Sunday, August 16, 2009

Über mich[igan]

[ About me / About Michigan ]

Our American presentation was just as diverse as the people that make up our group. We all prepared slides about our own states and collaborated it together, and fortunately, the presentation turned out nicely. I introduced the group, and I tried to speak as decent in German as I could. I mentioned our current president, our capital and introduced our presentation of our collaboration of states. We only were allotted around 10 minutes, so for the 15 of us, that meant less a minute per person. It probably was over, but each person crammed some landmarks of their state, a little bit about themselves as well as some things that are well known from their state and spoke what they could in German.


[ This slide about my family and college had the pun which is the title of this post.
Über mich means "about me" and I tweaked it to mean "about Michigan" as well. It got some good laughs " ]

It was very difficult to cram everything I love to share about Michigan and Detroit into a few short sentences. If you know me well, it wouldn't surprise you that I started my portion by holding up my hand and pointing near the southeastern part of my handy map.


It is something that I proudly share as a Michigander [ that, and my UofM shirt that I proudly wore for the occasion! ]. My second slide was about the great lakes, and the beautiful places we have around our peninsulas [ also getting some ooh's and ah's from those not expecting it ].


The next slides I had a little bit of fun:


Wer isst Kellog's cereal für Frühstück?
Who eats Kellog's for Breakfast?

Wer kennt Eminem?
who knows Eminem?

Wer kennt Madonna?

Wer kennt Motown musik?


I enjoyed getting the hands raised around the room. There is a lot that comes from Michigan, and we have a lot of great people and places there. Being able to share the America table, but also share everything I love about my homecity, family, university and state is something I was so happy to do.

Wrapping up the presentation, we had one little addition to add. We made a little slide about baseball, something just as American as our Apple pie, and we got the audience to participate. With a little cheat sheet to help me with some of the German, I explained the tradition of the 7th inning stretch. It was a long night and I think that everyone needed one. After that we had the whole room singing "Take me out to the ball game" which I think was enjoyably cheesy, and a good way to share the fun-natured culture from America.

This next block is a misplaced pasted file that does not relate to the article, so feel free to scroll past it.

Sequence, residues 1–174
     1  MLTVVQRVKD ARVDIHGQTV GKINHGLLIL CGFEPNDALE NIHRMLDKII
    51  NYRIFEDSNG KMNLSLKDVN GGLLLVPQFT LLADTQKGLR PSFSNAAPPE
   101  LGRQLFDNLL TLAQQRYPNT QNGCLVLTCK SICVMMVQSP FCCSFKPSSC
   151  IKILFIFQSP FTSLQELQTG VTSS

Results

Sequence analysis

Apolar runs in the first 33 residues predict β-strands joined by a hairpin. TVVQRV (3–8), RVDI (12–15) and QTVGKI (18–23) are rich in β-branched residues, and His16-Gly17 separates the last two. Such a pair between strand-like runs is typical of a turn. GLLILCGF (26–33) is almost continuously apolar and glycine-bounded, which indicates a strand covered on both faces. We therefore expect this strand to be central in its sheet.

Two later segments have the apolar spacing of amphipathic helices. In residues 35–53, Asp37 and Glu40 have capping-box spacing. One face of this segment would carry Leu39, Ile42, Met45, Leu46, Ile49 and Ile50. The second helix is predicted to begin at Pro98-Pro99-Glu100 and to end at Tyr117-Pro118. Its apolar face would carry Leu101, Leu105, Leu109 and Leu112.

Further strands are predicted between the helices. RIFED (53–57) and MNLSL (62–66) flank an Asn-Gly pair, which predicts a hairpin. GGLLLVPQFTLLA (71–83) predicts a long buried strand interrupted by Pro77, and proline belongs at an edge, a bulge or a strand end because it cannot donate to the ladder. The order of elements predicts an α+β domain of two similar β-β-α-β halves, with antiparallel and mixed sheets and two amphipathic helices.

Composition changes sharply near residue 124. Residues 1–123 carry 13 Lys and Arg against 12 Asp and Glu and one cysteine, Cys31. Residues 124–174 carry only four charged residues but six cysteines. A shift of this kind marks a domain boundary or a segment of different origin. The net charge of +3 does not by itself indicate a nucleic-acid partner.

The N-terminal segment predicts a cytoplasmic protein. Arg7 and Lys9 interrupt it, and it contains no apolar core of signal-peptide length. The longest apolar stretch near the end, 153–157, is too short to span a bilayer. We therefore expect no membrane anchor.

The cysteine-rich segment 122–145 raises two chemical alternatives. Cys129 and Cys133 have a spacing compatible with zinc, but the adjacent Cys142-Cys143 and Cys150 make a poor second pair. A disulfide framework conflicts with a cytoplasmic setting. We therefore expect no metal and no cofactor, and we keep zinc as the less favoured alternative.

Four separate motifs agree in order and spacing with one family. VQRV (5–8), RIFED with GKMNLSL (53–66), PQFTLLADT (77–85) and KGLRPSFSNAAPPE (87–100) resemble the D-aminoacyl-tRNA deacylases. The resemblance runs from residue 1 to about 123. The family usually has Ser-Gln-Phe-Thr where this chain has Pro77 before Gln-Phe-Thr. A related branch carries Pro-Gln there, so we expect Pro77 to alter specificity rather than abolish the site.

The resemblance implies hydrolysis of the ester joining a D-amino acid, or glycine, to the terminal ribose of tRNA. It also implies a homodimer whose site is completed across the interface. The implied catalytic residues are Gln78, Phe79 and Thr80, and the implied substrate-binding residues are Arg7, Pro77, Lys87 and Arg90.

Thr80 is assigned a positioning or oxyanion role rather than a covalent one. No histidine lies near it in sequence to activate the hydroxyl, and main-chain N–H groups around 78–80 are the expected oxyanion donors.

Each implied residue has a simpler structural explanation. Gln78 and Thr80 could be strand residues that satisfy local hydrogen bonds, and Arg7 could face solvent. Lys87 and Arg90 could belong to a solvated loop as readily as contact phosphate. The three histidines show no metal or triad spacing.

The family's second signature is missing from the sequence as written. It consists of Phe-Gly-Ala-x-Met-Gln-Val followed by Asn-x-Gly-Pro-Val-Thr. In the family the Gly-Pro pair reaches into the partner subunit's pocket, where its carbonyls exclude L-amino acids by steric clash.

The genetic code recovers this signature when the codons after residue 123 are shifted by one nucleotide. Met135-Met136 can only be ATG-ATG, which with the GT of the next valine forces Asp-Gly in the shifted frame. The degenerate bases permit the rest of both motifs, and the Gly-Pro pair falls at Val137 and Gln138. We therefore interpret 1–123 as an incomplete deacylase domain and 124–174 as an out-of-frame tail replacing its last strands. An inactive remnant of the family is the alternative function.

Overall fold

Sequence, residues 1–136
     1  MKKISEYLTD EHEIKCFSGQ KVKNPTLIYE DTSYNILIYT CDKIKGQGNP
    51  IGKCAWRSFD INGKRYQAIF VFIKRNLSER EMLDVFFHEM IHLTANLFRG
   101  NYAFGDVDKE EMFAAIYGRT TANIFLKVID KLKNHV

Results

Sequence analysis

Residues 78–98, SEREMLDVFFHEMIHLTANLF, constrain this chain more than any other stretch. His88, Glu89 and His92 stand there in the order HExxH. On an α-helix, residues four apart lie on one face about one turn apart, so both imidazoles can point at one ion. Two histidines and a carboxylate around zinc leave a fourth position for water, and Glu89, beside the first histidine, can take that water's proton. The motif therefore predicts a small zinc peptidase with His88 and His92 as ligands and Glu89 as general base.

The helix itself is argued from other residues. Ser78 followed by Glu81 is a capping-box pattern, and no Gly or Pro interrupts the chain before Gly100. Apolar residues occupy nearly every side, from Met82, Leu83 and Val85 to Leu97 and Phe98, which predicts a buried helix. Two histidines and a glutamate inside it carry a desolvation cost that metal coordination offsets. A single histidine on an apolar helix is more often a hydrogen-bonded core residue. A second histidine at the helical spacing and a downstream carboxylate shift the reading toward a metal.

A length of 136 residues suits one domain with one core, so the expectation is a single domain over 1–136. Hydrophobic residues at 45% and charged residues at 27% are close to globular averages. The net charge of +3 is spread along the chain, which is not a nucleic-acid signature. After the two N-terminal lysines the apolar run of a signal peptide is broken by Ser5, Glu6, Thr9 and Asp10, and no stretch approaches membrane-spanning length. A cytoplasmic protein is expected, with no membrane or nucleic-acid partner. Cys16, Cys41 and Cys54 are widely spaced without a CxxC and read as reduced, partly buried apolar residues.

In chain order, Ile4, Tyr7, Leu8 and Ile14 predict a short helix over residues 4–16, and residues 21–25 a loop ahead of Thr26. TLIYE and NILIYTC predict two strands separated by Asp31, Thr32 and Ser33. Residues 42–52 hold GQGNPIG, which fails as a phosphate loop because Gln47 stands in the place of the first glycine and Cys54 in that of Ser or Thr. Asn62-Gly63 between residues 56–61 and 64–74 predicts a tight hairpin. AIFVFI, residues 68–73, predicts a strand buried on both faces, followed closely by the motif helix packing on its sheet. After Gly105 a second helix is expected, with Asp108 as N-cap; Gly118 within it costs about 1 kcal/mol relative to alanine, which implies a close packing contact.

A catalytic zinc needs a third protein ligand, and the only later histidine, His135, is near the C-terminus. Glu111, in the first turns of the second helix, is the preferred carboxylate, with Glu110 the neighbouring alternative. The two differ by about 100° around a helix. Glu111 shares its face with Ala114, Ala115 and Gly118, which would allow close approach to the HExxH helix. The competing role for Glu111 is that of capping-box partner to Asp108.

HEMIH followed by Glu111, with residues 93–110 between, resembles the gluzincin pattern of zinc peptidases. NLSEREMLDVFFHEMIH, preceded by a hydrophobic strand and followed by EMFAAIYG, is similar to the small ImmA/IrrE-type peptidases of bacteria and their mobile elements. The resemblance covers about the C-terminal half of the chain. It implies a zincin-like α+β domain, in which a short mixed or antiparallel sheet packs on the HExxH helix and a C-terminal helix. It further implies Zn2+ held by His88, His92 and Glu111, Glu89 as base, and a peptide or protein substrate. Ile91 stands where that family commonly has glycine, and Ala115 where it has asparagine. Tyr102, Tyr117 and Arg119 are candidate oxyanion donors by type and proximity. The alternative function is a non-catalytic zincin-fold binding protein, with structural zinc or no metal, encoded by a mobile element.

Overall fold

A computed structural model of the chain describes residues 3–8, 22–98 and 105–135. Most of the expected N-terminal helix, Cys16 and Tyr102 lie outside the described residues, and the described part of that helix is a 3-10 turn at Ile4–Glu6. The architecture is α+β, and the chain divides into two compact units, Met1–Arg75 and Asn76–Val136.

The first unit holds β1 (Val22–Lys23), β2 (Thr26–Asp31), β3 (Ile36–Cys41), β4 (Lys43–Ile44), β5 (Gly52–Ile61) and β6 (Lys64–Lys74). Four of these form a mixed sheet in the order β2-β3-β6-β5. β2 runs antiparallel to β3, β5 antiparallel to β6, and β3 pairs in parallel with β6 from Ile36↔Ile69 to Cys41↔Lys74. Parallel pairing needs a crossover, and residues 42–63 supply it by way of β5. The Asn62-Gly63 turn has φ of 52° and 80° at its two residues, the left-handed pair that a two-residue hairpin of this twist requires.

After the evening was over, everyone was mingling some more. One man from the Congo actually came up to chat with me. He had been to Michigan before on business. My German is not that great yet, but somehow we held a conversation for well over 20 minutes in German talking about ourselves, why we are in Saarland, and where we are from. It was something that I was really proud of when I thought about it afterwards. We exchanged emails and maybe I'll hear from him again.


The evening wrapped up with some music playing and us Americans definitely starting the party. We were all dancing right in the CDC cafeteria to a mix of music from all the countries. For the Americans, Argentineans and Brazilians, the night was young. All of us still went out to a club for the Friday night to dance way into the night, kicking off a great weekend.

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